The Strangers: Prey at Night
- Katherine McLaughlin
- 30 April 2018
Slasher sequel whose impressive set-pieces are undermined by its adherence to formula
Ten years after the release of Bryan Bertino's scary slasher flick starring Liv Tyler and Scott Speedman, director Johannes Roberts (47 Metres Down, The Other Side of the Door) takes the reins of a sequel of sorts. The screenplay, written by Bertino and Ben Ketai, retains the carnage and masked murderers, replacing an isolated house for an out-of-season trailer park.
The briskly-paced original worked well as a throwaway, slaughter-house of horrors – featuring hysterical victims who wouldn't be out of place in Tobe Hooper's 1974 masterpiece The Texas Chainsaw Massacre. Roberts plays it safer by paying homage to 1980s horror, with an enjoyably nostalgic soundtrack and an attractive neon-lit canvas to boot.
Christina Hendricks and Martin Henderson play the concerned parents of angsty Kinsey (Bailee Madison) and well-behaved Luke (Lewis Pullman). Discord between mother and daughter is speedily woven in before the killing spree begins. Much like the relationship woes of the first film, discontent brews beneath the surface, with stroppy teenager Kinsey taking her mum for granted and the family unit being literally torn apart with bloody relish.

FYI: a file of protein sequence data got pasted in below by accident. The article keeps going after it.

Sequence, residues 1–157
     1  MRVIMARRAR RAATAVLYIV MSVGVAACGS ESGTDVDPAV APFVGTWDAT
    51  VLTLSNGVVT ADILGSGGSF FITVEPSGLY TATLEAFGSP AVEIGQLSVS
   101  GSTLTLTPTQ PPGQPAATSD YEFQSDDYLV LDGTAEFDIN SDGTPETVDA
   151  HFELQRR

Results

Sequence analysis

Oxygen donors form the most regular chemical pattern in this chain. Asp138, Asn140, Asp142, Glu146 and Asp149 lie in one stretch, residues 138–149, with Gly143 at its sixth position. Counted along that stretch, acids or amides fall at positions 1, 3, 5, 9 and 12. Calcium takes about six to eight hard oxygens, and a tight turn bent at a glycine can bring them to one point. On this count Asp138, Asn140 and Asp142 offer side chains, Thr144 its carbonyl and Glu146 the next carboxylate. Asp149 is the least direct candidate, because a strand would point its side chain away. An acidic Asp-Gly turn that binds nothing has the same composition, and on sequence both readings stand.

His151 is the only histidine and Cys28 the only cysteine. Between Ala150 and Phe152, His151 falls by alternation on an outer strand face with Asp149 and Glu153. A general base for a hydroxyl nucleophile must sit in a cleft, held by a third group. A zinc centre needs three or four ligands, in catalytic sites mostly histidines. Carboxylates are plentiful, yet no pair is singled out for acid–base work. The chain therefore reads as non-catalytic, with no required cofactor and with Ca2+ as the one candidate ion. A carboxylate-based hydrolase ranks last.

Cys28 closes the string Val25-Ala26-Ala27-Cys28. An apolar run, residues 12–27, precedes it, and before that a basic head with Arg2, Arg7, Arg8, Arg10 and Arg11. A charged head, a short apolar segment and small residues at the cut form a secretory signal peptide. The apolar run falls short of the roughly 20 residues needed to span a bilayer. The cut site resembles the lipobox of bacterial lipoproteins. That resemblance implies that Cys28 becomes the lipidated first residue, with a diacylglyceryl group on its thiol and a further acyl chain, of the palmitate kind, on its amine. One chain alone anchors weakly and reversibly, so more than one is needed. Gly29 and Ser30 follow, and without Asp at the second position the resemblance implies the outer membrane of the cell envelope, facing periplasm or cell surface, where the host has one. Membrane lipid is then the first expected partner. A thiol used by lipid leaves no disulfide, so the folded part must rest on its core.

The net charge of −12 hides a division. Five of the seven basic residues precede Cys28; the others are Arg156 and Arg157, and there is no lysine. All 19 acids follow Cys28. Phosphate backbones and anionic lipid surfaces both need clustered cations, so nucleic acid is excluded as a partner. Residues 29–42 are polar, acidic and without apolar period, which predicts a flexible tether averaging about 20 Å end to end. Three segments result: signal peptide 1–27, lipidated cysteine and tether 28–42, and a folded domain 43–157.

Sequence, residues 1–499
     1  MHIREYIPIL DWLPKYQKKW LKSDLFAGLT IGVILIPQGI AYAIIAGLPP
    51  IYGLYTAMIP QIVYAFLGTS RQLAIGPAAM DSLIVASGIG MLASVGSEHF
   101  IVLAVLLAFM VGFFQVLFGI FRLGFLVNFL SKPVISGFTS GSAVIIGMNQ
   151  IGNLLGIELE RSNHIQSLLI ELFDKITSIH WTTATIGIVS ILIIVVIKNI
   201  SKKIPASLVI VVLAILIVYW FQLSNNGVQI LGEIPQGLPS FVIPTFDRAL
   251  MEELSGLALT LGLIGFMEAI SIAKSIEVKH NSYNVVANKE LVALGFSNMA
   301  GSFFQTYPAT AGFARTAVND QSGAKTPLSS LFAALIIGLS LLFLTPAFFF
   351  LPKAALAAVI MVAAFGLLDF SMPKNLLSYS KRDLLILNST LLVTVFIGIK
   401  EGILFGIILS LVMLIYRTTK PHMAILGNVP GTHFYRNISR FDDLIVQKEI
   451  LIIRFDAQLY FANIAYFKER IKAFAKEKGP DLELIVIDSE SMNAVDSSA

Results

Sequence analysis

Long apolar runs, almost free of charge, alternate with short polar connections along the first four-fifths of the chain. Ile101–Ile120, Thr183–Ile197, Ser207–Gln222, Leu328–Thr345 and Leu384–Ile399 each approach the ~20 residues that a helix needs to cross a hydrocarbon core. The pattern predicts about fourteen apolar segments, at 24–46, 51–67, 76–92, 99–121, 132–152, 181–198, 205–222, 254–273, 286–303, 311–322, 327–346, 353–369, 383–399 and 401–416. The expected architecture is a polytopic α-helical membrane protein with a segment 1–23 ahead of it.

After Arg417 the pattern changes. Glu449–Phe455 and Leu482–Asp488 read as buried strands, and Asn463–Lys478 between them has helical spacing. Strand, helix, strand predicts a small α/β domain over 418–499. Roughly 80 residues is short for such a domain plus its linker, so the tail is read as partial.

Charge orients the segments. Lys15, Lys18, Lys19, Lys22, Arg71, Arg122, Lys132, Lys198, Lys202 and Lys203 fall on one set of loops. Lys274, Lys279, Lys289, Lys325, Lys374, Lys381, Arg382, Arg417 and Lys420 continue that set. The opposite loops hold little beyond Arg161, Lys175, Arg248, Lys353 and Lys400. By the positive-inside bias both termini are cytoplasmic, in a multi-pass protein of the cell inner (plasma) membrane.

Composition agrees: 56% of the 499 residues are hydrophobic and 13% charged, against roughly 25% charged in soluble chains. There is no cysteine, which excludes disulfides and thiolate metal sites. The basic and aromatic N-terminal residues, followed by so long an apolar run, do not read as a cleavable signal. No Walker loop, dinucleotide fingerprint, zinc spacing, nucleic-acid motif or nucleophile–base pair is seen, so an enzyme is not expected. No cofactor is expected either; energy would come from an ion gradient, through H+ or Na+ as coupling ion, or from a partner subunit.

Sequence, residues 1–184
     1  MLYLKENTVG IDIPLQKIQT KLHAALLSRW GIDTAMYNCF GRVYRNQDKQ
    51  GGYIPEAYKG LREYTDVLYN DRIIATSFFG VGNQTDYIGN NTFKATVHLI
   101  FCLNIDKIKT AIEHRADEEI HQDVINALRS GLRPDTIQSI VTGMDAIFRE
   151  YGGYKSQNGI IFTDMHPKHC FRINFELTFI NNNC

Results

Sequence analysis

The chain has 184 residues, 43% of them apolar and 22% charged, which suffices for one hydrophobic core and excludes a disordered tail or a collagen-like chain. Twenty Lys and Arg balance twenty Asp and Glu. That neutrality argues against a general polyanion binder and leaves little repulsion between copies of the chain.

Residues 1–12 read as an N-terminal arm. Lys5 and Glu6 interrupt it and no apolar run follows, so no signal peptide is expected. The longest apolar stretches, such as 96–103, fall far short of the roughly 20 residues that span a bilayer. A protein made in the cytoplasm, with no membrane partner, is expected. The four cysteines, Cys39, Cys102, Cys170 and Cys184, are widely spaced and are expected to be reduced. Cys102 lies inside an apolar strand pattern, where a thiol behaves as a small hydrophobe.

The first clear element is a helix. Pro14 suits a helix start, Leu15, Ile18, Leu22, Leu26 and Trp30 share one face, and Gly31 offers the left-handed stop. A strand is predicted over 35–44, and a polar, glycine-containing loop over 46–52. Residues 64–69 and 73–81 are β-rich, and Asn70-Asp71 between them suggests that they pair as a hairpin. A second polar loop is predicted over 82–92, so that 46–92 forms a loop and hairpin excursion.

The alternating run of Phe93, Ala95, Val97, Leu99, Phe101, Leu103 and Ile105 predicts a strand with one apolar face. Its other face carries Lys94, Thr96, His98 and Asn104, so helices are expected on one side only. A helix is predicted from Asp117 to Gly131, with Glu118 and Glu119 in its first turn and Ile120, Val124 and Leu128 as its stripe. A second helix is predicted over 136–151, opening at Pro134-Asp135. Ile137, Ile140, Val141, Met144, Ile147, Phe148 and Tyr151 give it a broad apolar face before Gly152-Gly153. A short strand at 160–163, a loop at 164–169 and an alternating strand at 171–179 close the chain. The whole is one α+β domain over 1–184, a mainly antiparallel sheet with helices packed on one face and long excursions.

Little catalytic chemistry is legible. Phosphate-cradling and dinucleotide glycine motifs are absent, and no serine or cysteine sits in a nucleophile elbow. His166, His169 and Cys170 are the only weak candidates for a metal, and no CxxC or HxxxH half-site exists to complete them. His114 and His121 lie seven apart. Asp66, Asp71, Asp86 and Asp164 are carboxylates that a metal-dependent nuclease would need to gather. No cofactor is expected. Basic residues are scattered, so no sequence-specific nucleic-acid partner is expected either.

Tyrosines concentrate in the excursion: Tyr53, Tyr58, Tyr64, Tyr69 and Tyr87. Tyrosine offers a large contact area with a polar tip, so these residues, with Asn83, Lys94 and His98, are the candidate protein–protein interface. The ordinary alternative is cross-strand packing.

The simple premise is stylishly executed as the relentless bloodletting is moved to more spacious surroundings. Bonnie Tyler's 'Total Eclipse of the Heart' plays out to an impressive swimming pool death match that boasts a menacing anonymous killer and suffocating underwater shots. A fiery pick-up truck seems to take on a life of its own, and the gore and mayhem is delivered with squirm-inducing glee.
Memorable set-pieces aside, the film trips up on far too many horror nods and tropes, shifting awkwardly to fit them all in. The 80s is a popular era for genre filmmakers to emulate stylistically – with 2014's The Guest a highlight of this trend – but The Strangers: Prey at Night adheres too closely to formula, refusing to drive its narrative to unexpected places.
General release from Fri 4 May.